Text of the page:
The biggest challenge in using EOT is selecting the appropriate threshold. The threshold selection process is always a trade–off between the bias and variance [13]. Moreover, the choice of the threshold significantly affects the tail of the distribution and hence the GPD parameters. The traditional extreme value modelling approach uses fixed threshold approach, where the threshold is chosen and fixed before the model is fitted. The threshold is usually chosen based on various diagnostics plots that is used to evaluate the model fit. The traditional EVT approach only considers the extreme data above the threshold, and discards the rest that are below. [7] states that the motivation for ignoring extreme data is that extreme and non-extreme data are caused by different processes and the latter is rarely of concern. Furthermore, there is concern that the data below the threshold may compromise the examination of the tail fit. However, there has been increasing interests in extreme value mixture models, which uses all the data for parameter estimation in the inference. This class of models has the potential to overcome some of the difficulties encountered in using the traditional EVT, in regards to threshold selection and uncertainties associated with it. The next section will highlight the development of extreme value mixture models.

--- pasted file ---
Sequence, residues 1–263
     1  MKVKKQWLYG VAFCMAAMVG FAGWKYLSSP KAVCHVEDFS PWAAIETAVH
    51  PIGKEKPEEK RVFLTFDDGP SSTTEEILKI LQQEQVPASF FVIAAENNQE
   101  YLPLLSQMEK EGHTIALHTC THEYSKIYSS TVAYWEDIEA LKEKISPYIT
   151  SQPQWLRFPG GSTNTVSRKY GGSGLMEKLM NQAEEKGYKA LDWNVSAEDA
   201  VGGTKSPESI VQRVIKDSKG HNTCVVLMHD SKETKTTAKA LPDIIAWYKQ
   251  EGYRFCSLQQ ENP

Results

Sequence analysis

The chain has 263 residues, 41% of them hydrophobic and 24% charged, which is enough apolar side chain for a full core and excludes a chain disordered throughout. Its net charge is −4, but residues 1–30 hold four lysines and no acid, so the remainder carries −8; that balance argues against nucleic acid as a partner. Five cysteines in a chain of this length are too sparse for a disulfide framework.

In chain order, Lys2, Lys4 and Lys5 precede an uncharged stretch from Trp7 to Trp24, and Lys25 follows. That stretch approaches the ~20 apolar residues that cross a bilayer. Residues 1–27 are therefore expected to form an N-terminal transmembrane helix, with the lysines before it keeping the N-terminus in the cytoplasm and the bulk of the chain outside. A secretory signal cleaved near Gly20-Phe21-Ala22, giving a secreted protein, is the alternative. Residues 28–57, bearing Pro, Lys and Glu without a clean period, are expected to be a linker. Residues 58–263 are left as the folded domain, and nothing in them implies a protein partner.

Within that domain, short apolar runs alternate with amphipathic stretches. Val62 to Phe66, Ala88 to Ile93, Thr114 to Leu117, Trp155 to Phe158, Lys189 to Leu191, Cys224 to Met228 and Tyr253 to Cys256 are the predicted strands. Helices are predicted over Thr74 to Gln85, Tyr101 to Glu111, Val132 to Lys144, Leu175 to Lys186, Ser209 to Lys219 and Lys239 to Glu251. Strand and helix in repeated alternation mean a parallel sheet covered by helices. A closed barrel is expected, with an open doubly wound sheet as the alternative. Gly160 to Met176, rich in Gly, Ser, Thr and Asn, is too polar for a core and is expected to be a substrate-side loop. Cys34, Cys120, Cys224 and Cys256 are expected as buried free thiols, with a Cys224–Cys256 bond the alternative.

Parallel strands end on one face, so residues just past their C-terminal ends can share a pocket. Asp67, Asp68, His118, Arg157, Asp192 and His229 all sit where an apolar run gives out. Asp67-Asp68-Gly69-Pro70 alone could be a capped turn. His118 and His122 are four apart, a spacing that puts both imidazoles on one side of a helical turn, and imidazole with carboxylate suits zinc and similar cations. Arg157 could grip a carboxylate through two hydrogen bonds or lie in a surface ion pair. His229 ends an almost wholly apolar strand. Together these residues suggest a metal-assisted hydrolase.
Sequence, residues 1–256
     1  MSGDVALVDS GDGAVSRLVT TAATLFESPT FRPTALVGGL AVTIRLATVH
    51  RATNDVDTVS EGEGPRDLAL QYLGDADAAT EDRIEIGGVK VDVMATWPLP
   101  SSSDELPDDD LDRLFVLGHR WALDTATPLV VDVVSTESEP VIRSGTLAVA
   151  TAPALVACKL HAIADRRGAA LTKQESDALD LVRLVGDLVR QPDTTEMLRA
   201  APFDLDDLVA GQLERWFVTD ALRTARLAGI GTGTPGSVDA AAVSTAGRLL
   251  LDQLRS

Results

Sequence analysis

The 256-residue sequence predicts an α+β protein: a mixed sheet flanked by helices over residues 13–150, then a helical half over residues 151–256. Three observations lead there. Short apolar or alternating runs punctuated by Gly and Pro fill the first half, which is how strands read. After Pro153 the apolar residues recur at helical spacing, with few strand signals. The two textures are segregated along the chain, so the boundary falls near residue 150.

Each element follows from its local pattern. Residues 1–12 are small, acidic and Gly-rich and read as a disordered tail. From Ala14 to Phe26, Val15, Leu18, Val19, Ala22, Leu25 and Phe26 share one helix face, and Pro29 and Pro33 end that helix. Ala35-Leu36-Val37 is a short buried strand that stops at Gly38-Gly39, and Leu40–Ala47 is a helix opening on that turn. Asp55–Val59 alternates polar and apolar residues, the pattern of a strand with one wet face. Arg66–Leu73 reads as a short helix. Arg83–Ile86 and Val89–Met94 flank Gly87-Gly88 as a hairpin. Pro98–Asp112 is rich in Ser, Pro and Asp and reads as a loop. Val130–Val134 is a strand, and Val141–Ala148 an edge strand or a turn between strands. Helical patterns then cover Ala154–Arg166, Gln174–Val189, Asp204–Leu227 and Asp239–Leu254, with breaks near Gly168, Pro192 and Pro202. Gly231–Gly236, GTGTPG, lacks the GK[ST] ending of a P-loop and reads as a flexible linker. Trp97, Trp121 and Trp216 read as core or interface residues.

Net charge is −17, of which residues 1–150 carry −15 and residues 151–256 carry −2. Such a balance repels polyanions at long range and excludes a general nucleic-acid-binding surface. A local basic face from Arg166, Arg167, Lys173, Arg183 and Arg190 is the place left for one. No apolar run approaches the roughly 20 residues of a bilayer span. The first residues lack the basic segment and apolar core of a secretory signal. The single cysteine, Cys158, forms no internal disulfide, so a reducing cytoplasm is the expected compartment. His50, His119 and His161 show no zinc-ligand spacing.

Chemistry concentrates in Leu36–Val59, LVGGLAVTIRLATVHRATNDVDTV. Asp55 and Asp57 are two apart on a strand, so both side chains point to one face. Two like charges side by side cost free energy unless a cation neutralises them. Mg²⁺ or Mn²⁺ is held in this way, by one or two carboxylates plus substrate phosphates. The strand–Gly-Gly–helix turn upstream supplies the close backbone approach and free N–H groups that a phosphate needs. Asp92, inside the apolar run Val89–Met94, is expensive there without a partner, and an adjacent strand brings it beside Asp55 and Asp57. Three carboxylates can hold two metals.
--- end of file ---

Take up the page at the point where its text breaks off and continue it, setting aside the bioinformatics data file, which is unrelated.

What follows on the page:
1.2 Extreme value mixture models

Extreme value mixture models typically comprise of two compenents: a bulk model which describes all the non-extreme data below the threshold, and a tail model which is the traditional extreme value model to model the extreme data above the threshold. The advantage of these models is that they consider all the data without wasting information and provides an automated approach both for estimation of the threshold and quantification of the resulting uncertainties from the threshold choice [7].

[14] propose a dynamic weighted mixture model combining a light-tailed distribution for the bulk model, with GPD for the tail model. They use a Weibull distribution as the bulk distribution. Rather than explicitly defining the threshold, they adopt a Cauchy distribution function as the mixing function to make the transition between the bulk and tail distributions. They use maximum likelihood estimation for parameter estimation, and numeric iteration to calculate empirical quantiles. They then test the model using Danish fire loss dataset, and find the parameter estimates to be comparable to those reported in the literature regarding EOT inference. The quantiles are comparable as well. The model is also compared to an existing robust thresholding approach, and it is found to be better for very small percentiles in small datasets.